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US general says Taliban appear to have ‘strategic momentum’

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(Last Updated On: July 22, 2021)

The Taliban appear to have “strategic momentum” in the fight for control of Afghanistan as they put increasing pressure on key cities, setting the stage for a decisive period in coming weeks, the top U.S. military officer General Mark Milley said Wednesday.

“This is going to be a test now of the will and leadership of the Afghan people — the Afghan security forces and the government of Afghanistan,” Milley, chairman of the Joint Chiefs of Staff, told a Pentagon press conference.

The Pentagon says the U.S. withdrawal is 95% finished and will be completed by August 31. AP reported that while the Biden administration has vowed to continue financial assistance and logistical support for Afghan forces after August, Defense Secretary Lloyd Austin said the focus of U.S. military efforts there will be countering terrorist threats, not the Taliban.

Speaking alongside Milley, Austin said the U.S. will “keep an eye on” al-Qaeda, whose use of Afghanistan as a haven for planning the 9/11 attacks on the United States was the reason U.S. forces invaded Afghanistan in 2001, AP reported.

“Our major focus going forward is to make sure that violence, terrorism, cannot be exported from Afghanistan to our homeland, and so we’ll maintain the capability to be able to not only observe that but also address that if it does emerge,” Austin said, adding that the Taliban pledged in 2020 to not provide a sanctuary for al-Qaeda in the future.

“We expect for them to meet that commitment. If they want legitimacy going forward, I think that’s something they’ll have to consider. That’s one way to earn it, so we’ll see what happens.” He reiterated his view that there is a “medium risk” of al-Qaeda regaining within about two years of the U.S. departure the capability to launch attacks against the West.

“But, again, there are a number of things that could happen to speed that up a bit or slow it down,” he added.

Milley said the Taliban now control about half of the 419 district centers in Afghanistan, and while they have yet to capture any of the country’s 34 provincial capitals, they are pressuring about half of them. As the Taliban seize more territory, the Afghan security forces are consolidating their positions to protect key population centers, including Kabul, he said.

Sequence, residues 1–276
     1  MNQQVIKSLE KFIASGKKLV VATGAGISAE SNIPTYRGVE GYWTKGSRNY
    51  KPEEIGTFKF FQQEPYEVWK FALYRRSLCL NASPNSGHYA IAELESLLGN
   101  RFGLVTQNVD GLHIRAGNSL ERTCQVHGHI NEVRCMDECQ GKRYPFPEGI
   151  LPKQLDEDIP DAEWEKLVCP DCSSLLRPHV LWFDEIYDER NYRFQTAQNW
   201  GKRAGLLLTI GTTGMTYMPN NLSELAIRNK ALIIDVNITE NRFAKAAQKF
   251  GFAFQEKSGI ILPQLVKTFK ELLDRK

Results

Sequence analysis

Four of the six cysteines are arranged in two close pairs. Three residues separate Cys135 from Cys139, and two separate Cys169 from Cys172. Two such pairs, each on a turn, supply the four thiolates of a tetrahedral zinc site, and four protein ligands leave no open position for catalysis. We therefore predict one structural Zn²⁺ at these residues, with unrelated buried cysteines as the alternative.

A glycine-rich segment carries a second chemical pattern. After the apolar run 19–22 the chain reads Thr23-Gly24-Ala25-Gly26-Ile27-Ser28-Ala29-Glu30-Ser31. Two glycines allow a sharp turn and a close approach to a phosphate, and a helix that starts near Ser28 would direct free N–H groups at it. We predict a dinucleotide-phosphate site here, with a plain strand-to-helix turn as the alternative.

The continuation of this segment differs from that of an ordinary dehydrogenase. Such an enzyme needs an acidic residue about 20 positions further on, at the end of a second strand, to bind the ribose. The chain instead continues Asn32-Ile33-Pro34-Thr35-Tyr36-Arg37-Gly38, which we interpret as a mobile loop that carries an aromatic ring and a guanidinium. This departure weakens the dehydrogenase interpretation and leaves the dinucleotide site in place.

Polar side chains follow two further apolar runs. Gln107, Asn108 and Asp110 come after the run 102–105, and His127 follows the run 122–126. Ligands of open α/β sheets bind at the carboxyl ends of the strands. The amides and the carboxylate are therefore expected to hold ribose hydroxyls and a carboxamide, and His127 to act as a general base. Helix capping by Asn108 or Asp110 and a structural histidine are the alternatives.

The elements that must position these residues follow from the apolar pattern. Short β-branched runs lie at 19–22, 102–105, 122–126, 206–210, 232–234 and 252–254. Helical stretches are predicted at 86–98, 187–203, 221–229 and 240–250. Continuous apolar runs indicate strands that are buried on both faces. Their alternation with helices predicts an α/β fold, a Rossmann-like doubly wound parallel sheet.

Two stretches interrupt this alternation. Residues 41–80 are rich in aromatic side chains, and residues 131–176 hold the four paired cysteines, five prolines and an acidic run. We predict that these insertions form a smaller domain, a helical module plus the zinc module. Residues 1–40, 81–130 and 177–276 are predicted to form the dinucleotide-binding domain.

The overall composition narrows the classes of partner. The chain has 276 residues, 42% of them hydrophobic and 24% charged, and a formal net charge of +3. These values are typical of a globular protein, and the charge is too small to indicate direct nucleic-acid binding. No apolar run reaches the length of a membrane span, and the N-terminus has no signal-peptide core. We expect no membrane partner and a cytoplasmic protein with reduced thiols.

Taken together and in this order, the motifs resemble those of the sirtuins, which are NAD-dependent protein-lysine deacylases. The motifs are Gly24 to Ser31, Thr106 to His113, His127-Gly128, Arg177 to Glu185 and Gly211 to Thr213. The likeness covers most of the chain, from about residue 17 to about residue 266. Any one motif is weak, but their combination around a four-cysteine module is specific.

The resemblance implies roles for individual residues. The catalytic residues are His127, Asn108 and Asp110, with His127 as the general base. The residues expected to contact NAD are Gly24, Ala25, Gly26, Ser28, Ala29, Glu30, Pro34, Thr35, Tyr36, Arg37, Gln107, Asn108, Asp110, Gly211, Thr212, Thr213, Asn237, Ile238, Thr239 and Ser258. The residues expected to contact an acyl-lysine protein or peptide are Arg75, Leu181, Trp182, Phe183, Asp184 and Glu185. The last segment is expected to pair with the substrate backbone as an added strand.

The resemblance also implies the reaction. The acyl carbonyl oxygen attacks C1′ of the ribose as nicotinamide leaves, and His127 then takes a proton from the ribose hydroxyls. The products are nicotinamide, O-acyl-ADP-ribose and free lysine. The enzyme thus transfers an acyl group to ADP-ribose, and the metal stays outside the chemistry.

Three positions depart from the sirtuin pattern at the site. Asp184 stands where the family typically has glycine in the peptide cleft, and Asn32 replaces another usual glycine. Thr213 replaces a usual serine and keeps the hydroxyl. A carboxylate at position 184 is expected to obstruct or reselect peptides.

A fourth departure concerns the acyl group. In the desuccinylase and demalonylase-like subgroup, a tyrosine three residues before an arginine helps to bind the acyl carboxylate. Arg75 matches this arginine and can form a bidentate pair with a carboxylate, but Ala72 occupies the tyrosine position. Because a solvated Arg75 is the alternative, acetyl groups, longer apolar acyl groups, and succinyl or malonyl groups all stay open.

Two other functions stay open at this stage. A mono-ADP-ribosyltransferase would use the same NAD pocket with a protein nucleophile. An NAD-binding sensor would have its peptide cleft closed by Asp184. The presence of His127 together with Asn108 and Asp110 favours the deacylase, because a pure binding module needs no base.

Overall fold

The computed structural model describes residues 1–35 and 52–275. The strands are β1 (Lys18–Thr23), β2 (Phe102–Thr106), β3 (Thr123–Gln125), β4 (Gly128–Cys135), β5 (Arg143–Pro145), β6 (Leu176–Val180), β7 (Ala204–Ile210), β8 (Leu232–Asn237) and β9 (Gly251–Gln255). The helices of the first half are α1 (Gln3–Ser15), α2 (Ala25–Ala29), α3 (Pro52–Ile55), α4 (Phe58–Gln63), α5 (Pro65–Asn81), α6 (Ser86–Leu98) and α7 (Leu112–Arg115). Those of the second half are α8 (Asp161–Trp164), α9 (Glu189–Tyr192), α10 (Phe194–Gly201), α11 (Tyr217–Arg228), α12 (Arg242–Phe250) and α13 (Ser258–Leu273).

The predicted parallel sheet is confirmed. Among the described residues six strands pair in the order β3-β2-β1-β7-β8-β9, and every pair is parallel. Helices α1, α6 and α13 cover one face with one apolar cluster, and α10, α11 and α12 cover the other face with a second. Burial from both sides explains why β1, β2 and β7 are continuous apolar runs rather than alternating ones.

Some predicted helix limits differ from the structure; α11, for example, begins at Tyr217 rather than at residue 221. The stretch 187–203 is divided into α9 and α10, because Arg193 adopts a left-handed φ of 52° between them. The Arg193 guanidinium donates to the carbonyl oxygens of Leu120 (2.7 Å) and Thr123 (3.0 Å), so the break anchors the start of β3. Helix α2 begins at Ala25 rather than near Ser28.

“A significant amount of territory has been seized over the course of six, eight, 10 months by the Taliban, so momentum appears to be — strategic momentum appears to be — sort of with the Taliban,” Milley said.

Milley said that while the Taliban are attempting to create the impression that their victory over the U.S.-backed Kabul government is inevitable, he believes the Afghan military and police have the training and equipment to prevail. He said he would not rule out a negotiated political settlement with the Taliban, nor would he exclude “a complete Taliban takeover.”

“I don’t think the end game is yet written,” he said. 

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IEA excluded from Tehran meeting on Afghanistan

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(Last Updated On: October 26, 2021)

The meeting of foreign ministers of Afghanistan’s neighboring countries, plus Russia, is scheduled to start Wednesday in Tehran without the Islamic Emirate of Afghanistan (IEA), which has not been invited.

A spokesman for Iran’s foreign minister has said that Iranian President Ebrahim Raisi will give an opening address and that foreign ministers of Uzbekistan, Tajikistan, Turkmenistan and Pakistan will attend the meeting in person, and the foreign ministers of China and Russia will attend the meeting virtually.

On Monday an IEA official said they had asked Iran for details on the meeting but had so far not received anything.

According to IRNA news agency, the UN Secretary General António Guterres will also issue a message to this meeting.

Foreign ministry spokesman Saeed Khatibzadeh said at a press conference on Tuesday: “The meeting of foreign ministers of Afghanistan’s neighboring countries will be held tomorrow with the participation of six neighboring countries, plus Russia.”

He also said that the ambassadors of the participating countries will be present.

Khatibzadeh said a statement would be made once consensus among neighboring countries has been reached.

“Tomorrow, the focus will be on fulfilling the will of the Afghan people and the future of this country,” Khatibzadeh added.

Bahadar Aminian, Iranian ambassador in Kabul said Monday that economic and security problems and establishing an inclusive government will be discussed at the Tehran meeting.

“Countries in the region in Tehran meeting will emphasize responsibility about security, economic stability and an inclusive government,” said Aminian.

The Iranian envoy added that participants will also discuss sending humanitarian aid for Afghans and talk about development projects in Afghanistan.

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US was losing war to IEA so it turned to negotiations: Khalilzad

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(Last Updated On: October 26, 2021)

The United States was losing the war to the Taliban (IEA) so it chose negotiations as an alternative, said the former US special representative for Afghanistan Zalmay Khalilzad in an interview with CBS News.

According to him, Washington tried many times to strengthen its position on the battleground but it failed.

“We did not defeat them. In fact, they were making progress on the battlefield even as we were negotiating with them. And the reason we negotiated with them was because militarily things were not going as well as we would have liked. We were losing ground each year,” he said.